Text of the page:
The Thing I Like About …

Volcano: the part where Stan saves the train conductor.

Despite growing evidence to the contrary, Stan – who runs the transit authority – does not believe his trains are in danger.   He ignores Mike Roarke’s recommendation to suspend the train service, and, as disaster movies are wont to do, Stan’s trains are soon imperiled by a huge lava flow.

Rather than stand there befuddled and wondering what to do or how he could have been so wrong, Stan climbs into the disabled train with his crew and sets them to rescuing all the passengers.  He then makes his way to the front, where the conductor – who would not be there if Stan had not sent him to work – is near death from the heat.

The lava has flowed under the train by this time, and the heat is melting the windows and walls; as Stan picks up the conductor to carry him through the train, the rubber of his boots is melting to the train floor.  He never pauses or falters or weeps, but only says a prayer.  When he gets to the rear of the train,  he is able to throw the conductor to safety, but Stan himself is lost.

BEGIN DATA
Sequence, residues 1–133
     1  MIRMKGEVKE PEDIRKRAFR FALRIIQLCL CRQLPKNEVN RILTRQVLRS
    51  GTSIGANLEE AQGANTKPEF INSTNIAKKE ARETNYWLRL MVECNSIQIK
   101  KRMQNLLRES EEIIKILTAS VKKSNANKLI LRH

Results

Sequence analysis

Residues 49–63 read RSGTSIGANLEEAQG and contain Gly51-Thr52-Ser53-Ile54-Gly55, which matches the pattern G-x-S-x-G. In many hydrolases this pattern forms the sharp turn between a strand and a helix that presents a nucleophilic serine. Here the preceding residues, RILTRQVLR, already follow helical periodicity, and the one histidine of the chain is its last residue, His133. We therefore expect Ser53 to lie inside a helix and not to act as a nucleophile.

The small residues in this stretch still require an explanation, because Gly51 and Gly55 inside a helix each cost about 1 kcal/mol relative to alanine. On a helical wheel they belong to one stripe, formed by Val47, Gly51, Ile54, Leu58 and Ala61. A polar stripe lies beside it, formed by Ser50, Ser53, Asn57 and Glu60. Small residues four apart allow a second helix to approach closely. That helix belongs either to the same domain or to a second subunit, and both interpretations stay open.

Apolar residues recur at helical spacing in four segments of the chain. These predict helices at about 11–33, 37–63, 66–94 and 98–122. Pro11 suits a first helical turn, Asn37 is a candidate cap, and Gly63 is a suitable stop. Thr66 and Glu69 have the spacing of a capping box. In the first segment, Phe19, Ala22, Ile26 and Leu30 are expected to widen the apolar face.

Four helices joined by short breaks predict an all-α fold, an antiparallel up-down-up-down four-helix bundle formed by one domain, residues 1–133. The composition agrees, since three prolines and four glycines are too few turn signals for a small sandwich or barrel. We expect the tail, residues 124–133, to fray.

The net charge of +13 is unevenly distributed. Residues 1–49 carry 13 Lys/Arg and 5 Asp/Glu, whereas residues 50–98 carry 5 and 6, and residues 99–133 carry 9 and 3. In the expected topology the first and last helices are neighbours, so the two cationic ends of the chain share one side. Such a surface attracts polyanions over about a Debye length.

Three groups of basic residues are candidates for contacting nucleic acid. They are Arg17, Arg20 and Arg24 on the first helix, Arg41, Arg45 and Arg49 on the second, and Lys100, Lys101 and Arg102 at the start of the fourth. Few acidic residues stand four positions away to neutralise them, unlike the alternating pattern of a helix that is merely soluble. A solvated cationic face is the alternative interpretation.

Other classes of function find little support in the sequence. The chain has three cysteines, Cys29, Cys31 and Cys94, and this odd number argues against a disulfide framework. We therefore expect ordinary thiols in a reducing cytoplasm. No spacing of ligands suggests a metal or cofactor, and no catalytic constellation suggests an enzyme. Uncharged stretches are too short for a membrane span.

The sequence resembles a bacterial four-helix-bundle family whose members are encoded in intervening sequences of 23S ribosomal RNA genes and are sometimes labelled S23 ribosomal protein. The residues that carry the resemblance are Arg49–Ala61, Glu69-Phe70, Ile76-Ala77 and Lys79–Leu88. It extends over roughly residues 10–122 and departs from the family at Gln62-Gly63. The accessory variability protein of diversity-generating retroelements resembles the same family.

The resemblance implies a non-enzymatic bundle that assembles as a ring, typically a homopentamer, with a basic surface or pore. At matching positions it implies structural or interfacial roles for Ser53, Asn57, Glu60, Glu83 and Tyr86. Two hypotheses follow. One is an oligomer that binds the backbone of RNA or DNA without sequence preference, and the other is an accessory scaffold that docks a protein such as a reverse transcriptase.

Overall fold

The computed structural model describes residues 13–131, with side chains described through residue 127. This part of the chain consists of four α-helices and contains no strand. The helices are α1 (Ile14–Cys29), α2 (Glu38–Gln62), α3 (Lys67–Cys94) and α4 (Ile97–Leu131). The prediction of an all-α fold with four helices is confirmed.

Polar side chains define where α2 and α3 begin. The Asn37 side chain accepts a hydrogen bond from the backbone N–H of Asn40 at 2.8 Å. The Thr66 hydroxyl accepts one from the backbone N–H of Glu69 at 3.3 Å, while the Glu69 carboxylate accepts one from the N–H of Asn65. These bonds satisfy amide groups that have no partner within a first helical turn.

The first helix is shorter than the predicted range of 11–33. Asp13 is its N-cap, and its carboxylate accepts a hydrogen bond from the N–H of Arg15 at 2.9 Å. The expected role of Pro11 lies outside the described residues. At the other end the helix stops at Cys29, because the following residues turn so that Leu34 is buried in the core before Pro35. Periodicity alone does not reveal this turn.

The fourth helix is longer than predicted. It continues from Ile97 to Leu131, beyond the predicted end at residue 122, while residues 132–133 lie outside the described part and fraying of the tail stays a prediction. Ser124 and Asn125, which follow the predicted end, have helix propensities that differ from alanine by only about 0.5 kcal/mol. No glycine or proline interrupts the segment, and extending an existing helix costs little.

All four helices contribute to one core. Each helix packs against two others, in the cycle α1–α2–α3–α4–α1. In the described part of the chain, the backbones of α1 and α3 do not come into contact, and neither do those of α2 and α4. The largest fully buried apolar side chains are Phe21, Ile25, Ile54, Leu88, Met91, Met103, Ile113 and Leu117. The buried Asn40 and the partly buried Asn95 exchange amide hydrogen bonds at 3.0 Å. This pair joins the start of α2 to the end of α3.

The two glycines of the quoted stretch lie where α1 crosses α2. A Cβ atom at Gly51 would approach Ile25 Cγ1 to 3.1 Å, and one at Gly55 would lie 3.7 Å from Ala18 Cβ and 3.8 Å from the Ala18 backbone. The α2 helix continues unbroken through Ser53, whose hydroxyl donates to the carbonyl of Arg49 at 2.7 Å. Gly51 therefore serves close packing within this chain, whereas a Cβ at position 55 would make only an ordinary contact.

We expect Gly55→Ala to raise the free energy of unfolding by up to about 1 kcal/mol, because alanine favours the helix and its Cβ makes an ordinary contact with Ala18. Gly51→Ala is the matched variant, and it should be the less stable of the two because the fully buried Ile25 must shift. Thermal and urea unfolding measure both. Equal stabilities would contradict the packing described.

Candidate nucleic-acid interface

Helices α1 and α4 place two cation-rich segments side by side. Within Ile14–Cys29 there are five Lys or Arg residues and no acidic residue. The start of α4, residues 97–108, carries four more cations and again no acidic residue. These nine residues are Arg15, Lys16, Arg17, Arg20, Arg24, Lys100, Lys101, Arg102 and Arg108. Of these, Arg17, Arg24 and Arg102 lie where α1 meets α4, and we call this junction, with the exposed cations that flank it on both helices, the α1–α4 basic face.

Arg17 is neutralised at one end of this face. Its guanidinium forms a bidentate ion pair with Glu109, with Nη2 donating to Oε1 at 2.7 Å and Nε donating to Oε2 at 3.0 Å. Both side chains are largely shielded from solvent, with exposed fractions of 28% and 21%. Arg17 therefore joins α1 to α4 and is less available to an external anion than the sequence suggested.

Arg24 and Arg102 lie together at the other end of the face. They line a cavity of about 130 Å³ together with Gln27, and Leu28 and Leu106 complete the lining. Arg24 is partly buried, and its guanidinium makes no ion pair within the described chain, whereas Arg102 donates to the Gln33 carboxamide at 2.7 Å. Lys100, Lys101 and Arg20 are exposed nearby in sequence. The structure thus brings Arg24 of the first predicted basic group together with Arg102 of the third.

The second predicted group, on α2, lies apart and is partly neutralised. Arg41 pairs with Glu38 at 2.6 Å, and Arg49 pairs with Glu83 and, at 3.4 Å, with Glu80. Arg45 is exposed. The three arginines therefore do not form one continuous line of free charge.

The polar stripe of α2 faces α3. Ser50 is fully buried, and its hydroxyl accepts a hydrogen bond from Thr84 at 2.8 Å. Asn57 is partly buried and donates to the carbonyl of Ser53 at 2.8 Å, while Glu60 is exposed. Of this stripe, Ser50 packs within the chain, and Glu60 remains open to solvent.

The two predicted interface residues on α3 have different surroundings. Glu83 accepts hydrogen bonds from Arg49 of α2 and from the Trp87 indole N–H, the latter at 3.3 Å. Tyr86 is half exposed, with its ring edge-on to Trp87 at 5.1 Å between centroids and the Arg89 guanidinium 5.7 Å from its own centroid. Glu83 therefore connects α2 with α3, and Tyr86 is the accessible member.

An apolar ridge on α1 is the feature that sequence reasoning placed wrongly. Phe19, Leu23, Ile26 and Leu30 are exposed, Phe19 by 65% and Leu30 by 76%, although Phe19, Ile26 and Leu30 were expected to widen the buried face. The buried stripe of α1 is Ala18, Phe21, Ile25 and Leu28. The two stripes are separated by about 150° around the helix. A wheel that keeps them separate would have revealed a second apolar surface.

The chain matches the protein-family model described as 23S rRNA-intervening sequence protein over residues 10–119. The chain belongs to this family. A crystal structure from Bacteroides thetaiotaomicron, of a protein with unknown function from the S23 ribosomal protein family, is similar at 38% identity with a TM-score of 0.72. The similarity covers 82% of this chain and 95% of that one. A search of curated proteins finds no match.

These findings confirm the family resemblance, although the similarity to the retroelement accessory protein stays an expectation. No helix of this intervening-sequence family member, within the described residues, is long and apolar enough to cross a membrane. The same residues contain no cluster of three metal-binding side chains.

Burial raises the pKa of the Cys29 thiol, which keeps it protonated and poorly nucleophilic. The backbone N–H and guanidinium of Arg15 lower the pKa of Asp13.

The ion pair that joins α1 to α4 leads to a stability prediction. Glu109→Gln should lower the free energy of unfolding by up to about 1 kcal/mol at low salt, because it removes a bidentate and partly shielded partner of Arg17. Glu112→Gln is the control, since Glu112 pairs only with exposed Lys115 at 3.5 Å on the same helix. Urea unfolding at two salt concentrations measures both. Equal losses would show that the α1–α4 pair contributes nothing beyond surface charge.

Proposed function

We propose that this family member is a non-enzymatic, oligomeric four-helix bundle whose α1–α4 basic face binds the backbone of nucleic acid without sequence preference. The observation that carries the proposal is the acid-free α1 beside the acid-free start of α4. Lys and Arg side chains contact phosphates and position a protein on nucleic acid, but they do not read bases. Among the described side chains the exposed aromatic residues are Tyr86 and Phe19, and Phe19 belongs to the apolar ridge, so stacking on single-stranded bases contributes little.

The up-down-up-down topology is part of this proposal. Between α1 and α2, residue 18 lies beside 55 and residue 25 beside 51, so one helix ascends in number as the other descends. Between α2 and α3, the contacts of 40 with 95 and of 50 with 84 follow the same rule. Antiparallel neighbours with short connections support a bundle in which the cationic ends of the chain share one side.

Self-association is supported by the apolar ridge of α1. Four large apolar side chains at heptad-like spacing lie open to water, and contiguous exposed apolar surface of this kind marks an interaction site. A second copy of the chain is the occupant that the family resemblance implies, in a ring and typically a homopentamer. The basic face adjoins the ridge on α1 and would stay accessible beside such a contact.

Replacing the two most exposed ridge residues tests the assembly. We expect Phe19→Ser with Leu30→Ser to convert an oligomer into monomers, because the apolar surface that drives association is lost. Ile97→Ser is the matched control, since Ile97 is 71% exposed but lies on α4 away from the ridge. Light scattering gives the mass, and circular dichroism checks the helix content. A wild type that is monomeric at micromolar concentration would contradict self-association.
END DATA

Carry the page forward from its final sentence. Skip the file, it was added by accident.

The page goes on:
Stan’s ego did prevent him from seeing the danger coming, but, once he saw the lava with his own eyes, he didn’t waste any more time on his ego, or on panic or indecision or fear.  He went to work, and he saved the day.  When the world around him was literally on fire, he looked neither to the left nor the right, but only continued on his mission.  He’s … well, he’s way cool, and I hope, if I ever find myself up against the wall, that I can be like him.

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